Can we become a doctor?

Checklist: How do you recognize a good doctor's office?


Dear Patient,

I'm sure you know that: you have to see a doctor and don't really know where to go. Your doctor should be technically competent and trustworthy. You want your concerns to be taken seriously and also to feel well looked after by the practice team. However, it is difficult to assess whether a doctor's practice can actually meet these expectations. For this reason, the checklist "How do you recognize a good doctor's office?" developed. This brochure can help you find the practice that's right for you. Here you can read what you can expect from a good medical practice. Whether a doctor is actually "right" for you is ultimately a trusting relationship that is decisive. It is not created through checklists, but through respectful and open cooperation.
It is no coincidence that institutions of medical self-administration are concerned with this topic. The German Medical Association and the National Association of Statutory Health Insurance Physicians represent the concerns of the German medical community. As doctors, we are primarily committed to the well-being of the patient. "Doctors and self-help in the service of patients" - with this aim in mind, the patient forum was founded in 2000. It includes self-help umbrella organizations, the German Medical Association and the National Association of Statutory Health Insurance Physicians. Improving patient care together is one of the most important concerns of the patient forum. This also includes helping you find a good doctor's office. We would be delighted if this brochure can help you with this.

Prof. Dr. Frank Ulrich Montgomery
President of the German Medical Association

Dr. Andreas Gassen
Chairman of the Board of Directors of the National Association of Statutory Health Insurance Physicians

The goals of this checklist

This checklist is aimed at all patients who are wondering what makes a good medical practice. Everyone has their own expectations or wishes: For some, for example, easy accessibility and short waiting times are in the foreground, while for others, participation in treatment decisions is particularly important. You are legally entitled to some things: for example, comprehensive and understandable information and the protection of your personal data.

In this brochure we have put together features that can help you choose a good doctor's practice for your needs. But even if you have found an excellent doctor's practice: it probably does not meet all of the requirements on the checklist. Because here we are describing an "ideal" doctor's practice - and that is as rare as any other ideal. Only you can decide for yourself which of the points described are particularly important for you. And after that, you should choose a practice. In addition, the checklist can be an impetus for doctors to further develop their work and their patient orientation in practice.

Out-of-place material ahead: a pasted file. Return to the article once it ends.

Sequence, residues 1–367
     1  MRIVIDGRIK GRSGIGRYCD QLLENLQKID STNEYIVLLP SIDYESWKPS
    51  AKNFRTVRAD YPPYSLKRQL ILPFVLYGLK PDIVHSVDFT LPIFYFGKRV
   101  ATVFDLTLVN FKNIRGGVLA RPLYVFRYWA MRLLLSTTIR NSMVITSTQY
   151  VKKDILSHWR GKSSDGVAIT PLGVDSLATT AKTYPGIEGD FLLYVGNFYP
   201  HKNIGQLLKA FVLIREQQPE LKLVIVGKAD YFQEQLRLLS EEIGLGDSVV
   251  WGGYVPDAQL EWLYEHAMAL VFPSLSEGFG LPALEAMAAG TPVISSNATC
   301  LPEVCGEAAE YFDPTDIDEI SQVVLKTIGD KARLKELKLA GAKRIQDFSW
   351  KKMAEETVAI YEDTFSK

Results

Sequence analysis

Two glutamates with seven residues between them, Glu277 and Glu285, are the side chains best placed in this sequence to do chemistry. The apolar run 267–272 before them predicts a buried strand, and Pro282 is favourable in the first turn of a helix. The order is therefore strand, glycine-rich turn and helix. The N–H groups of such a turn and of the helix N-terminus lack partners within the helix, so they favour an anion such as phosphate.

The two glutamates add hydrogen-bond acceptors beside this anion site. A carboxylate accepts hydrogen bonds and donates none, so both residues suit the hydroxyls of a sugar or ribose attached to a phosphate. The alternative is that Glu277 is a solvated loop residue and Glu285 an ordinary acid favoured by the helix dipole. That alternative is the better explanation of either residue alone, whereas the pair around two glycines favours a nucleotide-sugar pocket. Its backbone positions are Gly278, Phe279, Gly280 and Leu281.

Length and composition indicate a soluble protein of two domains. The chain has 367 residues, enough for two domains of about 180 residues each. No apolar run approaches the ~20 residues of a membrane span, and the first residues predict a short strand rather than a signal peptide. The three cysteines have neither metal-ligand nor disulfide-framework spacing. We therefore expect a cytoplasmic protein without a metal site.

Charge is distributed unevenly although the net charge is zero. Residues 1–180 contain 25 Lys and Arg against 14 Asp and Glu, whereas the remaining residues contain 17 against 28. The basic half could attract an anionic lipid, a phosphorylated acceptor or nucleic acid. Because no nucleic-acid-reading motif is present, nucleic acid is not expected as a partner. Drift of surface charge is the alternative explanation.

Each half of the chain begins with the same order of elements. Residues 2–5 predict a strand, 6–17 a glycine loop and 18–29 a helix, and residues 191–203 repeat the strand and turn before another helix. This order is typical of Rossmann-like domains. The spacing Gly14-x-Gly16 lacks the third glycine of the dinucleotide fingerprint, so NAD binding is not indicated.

This brochure also tells you what you can do yourself so that you are well prepared for the next doctor's appointment. We have also put together important questions for you that may arise in the course of a doctor-patient conversation.

Checklist at a glance

The checklist will help you to find a good doctor's practice in which you feel that you are in good hands and at ease. Everyone sets different priorities, depending on what is most important to them when they visit a doctor. Therefore, not all of the points on the checklist have to apply to a practice that you personally rate as good. And: some questions can also go unanswered. So if the criteria that are important to you apply to your doctor, then you have found a good practice for you.

  1. Can I reach the practice easily?
    Details on this question
  2. Will I be treated kindly and respectfully in the practice?
    Details on this question
  3. Does my doctor take me and my concerns seriously?
    Details on this question
  4. Will my personality and my privacy be respected in practice?
    Details on this question
  5. Do I receive understandable and neutral clarification, information and advice?
    Details on this question
  6. Do I get references to further reliable sources of information and advice offers?
    Details on this question
  7. Does my doctor include me and my wishes in all decisions?
    Details on this question
  8. Does my doctor accept that, if in doubt, I want to get a second opinion?
    Details on this question